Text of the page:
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Canopy Family

August, 2012

Featured Bird

Black-breasted Puffbird

Notharchus pectoralis

The distinctive puffbird family (Bucconidae) is exclusive to the neotropics, and most members of this family have large heads, short tails and some color combination of black, white and brown. Their habit is to perch quietly for long periods and sally out to catch insects. Nests are in holes the birds excavate in termite nests or burrows they dig in a mud bank. 

The black-breasted has a large white ear patch and a broad black band on the chest.  These features distinguish it from other black and white puffbirds found in Panama. Central Panama is the northernmost range of the species.  Black-breasted Puffbirds are fairly common in lowlands of the Caribbean slope in the canal area. They are often seen perched on a branch in the forest canopy.

Focus on Plants

Wallis' Oerstedella Orchid

The attractive Oerstedella orchids were once included with Epidendrum, but were split into a separate genus by subtle morphological differences about 30 years ago. They are native mainly to the moist montane forests of Mesoamerica, particularly Costa Rica and Panama. Oerstedella wallisii is one of several members of this genus that combines contrasting colors in a striking way. It produces elegant, thickish, waxy, long-lived flowers, often on short stems from nodes along the stout canes. The flowers are 1.5 inches wide.

Quick facts:

  • about 22 species of Oerstedella in Costa Rica & Panama
  • its long-lived flowers make it suitable for cultivation
  • leaf sheaths have prominent warts, a major reason for split from Epidendrum
  • O. wallisii is widespread and found in mountains and on Barro Colorado Island.
Victor Emanuel along with Ben & Jessica Reynolds and their son Eliot at Canopy Lodge

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Greetings from the Canopy...

Dear Friends,

     My dear friend Victor Emanuel, whom I have known for over 12 years, recently came for a vacation.  His company, VENT (Victor Emanuel Nature Tours), was the first to bring groups to the Canopy Tower (1999) and Canopy Lodge (2005) and is in line to be the first at the Canopy Camp Darien (2013). However, I have never had the time to really get to know him because on previous visits he was always leading groups.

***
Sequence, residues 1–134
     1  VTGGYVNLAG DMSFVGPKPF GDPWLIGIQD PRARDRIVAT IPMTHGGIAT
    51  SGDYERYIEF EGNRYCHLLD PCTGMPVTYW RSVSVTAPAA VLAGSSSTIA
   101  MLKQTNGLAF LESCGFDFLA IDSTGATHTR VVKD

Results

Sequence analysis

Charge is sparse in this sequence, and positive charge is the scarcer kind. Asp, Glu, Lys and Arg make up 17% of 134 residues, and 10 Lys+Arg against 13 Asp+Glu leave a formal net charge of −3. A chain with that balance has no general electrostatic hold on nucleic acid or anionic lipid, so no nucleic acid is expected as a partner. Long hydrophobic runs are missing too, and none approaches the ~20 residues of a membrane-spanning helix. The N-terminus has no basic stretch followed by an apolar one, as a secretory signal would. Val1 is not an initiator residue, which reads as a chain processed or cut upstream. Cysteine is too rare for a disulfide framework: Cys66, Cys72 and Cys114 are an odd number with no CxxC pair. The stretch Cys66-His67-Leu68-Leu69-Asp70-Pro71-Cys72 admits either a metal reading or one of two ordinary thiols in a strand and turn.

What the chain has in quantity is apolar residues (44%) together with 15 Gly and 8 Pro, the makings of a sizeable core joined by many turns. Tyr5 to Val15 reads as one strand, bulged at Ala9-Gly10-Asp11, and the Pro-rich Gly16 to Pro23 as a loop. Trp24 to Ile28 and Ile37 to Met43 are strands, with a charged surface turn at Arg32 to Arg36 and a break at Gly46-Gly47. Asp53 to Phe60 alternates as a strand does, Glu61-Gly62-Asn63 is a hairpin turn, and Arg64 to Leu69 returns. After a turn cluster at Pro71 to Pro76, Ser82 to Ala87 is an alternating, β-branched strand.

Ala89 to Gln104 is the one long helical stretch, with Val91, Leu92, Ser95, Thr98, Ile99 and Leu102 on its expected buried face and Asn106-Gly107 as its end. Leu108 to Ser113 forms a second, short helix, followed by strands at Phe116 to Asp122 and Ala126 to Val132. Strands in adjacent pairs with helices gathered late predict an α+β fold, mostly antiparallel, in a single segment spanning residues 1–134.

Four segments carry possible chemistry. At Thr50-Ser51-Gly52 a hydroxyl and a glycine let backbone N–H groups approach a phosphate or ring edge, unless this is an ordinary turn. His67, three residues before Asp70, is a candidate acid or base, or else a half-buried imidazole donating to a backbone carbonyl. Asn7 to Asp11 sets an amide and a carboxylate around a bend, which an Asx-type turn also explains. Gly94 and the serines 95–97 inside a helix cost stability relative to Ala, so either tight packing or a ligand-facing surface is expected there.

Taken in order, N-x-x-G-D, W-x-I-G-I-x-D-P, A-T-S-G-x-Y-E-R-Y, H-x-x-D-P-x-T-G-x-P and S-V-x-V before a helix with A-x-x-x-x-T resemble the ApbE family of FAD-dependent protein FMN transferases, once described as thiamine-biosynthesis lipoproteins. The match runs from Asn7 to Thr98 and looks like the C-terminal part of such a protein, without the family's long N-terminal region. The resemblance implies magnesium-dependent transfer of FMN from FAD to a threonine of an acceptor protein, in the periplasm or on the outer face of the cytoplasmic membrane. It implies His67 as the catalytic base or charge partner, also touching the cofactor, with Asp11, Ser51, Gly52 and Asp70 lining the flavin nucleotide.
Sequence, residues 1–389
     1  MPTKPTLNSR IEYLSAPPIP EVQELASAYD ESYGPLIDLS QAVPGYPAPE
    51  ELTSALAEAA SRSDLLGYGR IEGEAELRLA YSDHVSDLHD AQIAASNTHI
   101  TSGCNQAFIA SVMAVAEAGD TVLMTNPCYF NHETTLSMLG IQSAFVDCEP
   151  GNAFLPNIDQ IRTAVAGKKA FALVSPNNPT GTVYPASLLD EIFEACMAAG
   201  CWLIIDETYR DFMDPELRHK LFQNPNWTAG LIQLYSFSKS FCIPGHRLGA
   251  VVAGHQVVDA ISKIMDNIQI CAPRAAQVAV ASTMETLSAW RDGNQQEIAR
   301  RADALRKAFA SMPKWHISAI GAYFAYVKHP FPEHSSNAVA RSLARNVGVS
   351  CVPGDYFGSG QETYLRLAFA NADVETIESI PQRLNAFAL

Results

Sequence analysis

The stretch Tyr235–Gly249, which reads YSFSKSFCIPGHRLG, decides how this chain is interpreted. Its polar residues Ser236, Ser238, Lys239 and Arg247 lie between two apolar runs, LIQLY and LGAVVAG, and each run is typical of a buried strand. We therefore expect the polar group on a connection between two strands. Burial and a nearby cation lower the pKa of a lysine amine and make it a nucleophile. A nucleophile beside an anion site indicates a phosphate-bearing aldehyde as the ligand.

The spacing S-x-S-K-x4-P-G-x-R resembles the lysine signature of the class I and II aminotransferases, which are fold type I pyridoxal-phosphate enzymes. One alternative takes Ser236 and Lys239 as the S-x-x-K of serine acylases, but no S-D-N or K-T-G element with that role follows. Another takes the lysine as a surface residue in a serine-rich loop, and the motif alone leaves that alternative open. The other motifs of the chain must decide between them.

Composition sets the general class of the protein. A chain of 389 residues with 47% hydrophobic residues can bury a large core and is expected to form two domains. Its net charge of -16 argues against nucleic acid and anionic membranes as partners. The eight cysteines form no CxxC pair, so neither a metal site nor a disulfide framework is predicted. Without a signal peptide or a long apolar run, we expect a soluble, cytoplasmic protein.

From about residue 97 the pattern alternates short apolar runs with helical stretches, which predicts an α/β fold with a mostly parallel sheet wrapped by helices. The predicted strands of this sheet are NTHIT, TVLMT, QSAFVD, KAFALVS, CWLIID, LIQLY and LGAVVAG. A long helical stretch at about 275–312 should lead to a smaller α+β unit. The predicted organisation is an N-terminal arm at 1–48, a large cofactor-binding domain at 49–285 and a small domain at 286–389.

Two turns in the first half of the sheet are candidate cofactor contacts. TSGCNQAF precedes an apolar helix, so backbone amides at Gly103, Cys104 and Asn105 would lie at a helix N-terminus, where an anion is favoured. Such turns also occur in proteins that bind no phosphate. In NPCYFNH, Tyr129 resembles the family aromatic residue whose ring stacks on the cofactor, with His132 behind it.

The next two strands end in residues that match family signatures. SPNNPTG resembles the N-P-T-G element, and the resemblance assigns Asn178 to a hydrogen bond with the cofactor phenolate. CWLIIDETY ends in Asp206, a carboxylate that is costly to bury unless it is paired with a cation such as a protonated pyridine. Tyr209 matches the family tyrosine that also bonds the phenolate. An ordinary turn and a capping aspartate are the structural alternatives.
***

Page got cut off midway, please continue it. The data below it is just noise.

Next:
Most people know Victor as a birder and founder/owner of VENT, the largest company in the world specializing in birding tours, with 160 tours to over 100 destinations. But Victor’s interests are much broader and diverse. He loves to read history and politics and is up to date on world affairs, interests I share.  In addition, his concern about people less privileged is genuine, and he devotes time to mentor children in Austin. His youth birding camps, in conjunction with the ABA and Leica Sports Optics, have sponsored over 200 young birders. This year we co-sponsored Abir Quiroz, the daughter of Nando Quiroz, the head of our Darien operation.
     Victor sits on the board of several nature conservation organizations, the prestigious Cornell Lab of Ornithology is one example -- all of this and more is bundled in a body with boundless energy and good humor. 
      The success of the Canopy Tower Family is due in no small measure to the advice, support and friendship of Victor Emanuel.  We are privileged and honored to count him as our friend.  


   Best wishes, and I hope to see
   you here in Panama soon,


   Raúl Arias de Para

   Canopy Tower Family

Canopy Tower Family News

On July 19th, 16 enthusiastic members of Club de Jardineria de Panama, celebrating their 50th anniversary, visited the Canopy Tower for an afternoon of fun and to have their meeting. The day began with a ride up Semaphore Hill, with stops along the way, where CTF Biologist Jerry Harrison shared some facts on the more remarkable plants seen. At the Tower manager Zelesny Jiménez presented a brief history and an overview of the Tower's operation.  After a look from atop the observation deck, the ladies enjoyed a fabulous lunch prepared by the Canopy Tower staff.  A great afternoon of botany, birds and lunch was enjoyed by all.  

Creature Feature

Red-tailed Squirrel

Sciurus granatensis

     This medium-sized squirrel has dark-brown upperparts with an orangish to red tail that is black at the tip. In Panama, the belly is deep orange. Red-taileds found at higher elevations are larger and have thicker fur. They are found from northern Costa Rica to Ecuador and on Trinidad and Tobago, ranging from the lowlands to 3,200 meters (just over 10,000 feet).  They can be found around the Tower and Lodge.
     It is most active during the morning and late afternoon. They are excellent climbers and use all levels of the forest but spend a lot of time feeding and traveling on the ground. At night, they den in tree hollows or make a nest of leaves and twigs in vine tangles. This species is usually solitary and territorial and has a home range of 1-4 hectares (2 to 9 acres).
     Red-taileds are often located by the rasping sounds they make when chewing on hard seeds. They also eat various fruits and sometimes bark and fungi.

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